The state patrolman

I am not known to be a magnet for driving infractions, and this time I was not at all responsible. Friday afternoon, after completing all my assigned appointments in Oklahoma City, I took the turnpike east on my way home with plans for a big weekend with family and friends.

I have the habit of using cruise control while driving long distances, in case I start daydreaming and forget about my lead foot. This time it was not different, as I was cruising at about 5-6 miles over the speed limit along with three other vehicles and a very large truck.

Making a turn east of the turnpike toward Joplin, we all spotted a state trooper on the right side of the road, chatting with a motorist I thought had broken the law. We all moved to the fast lane to give him room enough to do what he does best, give tickets.

I had released the cruise control to allow me to slow down during this maneuver and after a few yards, stepped on the accelerator once again, re-engaged the cruise control and continued on my way changing back to the right side of the road.

I had not gone more than a few miles when, looking at my rear-view mirror, I spotted what I jokingly call a Christmas tree, the blue and red lights blinking, making sure the driver in front of the cruiser pays attention and stops at the edge of the road, which I did.

Since I knew I was not speeding, I wondered what the cause for the blinking lights was. Surely, I had not committed an infraction as far as I could remember. Then again, perhaps it was all the other infractions I had committed through the years when I was not caught.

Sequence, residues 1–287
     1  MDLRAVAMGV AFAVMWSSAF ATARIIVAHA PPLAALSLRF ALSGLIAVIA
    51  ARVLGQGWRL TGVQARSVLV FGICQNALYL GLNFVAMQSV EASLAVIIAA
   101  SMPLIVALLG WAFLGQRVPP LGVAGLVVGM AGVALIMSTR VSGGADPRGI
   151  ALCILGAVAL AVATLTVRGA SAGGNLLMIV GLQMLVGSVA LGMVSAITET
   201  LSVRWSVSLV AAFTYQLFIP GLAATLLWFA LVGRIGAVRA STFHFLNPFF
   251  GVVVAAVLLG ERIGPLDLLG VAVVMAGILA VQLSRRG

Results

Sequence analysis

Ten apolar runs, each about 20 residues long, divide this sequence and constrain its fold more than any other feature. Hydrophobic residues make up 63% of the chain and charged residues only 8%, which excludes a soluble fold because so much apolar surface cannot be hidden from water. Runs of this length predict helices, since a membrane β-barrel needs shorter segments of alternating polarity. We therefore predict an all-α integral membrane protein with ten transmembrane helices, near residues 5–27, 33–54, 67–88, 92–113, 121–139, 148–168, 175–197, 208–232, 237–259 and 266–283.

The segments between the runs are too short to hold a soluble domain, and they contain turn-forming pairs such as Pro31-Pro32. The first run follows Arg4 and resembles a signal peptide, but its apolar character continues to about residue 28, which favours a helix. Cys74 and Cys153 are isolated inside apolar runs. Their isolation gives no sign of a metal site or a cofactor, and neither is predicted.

A very young state trooper, looking around 12 years old, approached the car from the passenger side and ask for my driver’s license and registration, which I immediately handed him. He claimed I was speeding when I moved over to give him room while stopped with another driver. I assured him I use the cruise control because I trust the car more than I trust my lead foot, but he continued to argue with me.

As I was ready to slap him for lying, he assured me he was 110% sure of what he was saying; at that point I was infuriated because I also was 110% sure I was in the right. I then proceeded to let him know a 110% does not exist as the maximum number is 100%! Of course, my statement created another rush of harsh words from both of us. After a pause, and since I was an old lady, he would only give me a warning which would not register on my record. I thanked him profusely as I held my temper down, engaged the car once again and left him on the side of the road.

Many years later, I continue to think I was right, although I did not get ticketed. The warning the trooper gave me did not register in my brain because today I still use the cruise control whenever I have a long way to go and trust my car more than I trust my lead foot.

Weber, a former Cedar County Republican reporter, continues to contribute occasional columns.

(0) comments

Welcome to the discussion.

Keep it Clean. Please avoid obscene, vulgar, lewd, racist or sexually-oriented language.
Don't Threaten. Threats of harming another person will not be tolerated.
Be Truthful. Don't knowingly lie about anyone or anything.
Be Nice. No racism, sexism or any sort of -ism that is degrading to another person.
Be Proactive. Use the 'Report' link on each comment to let us know of abusive posts.
Share with Us. We'd love to hear eyewitness accounts, the history behind an article.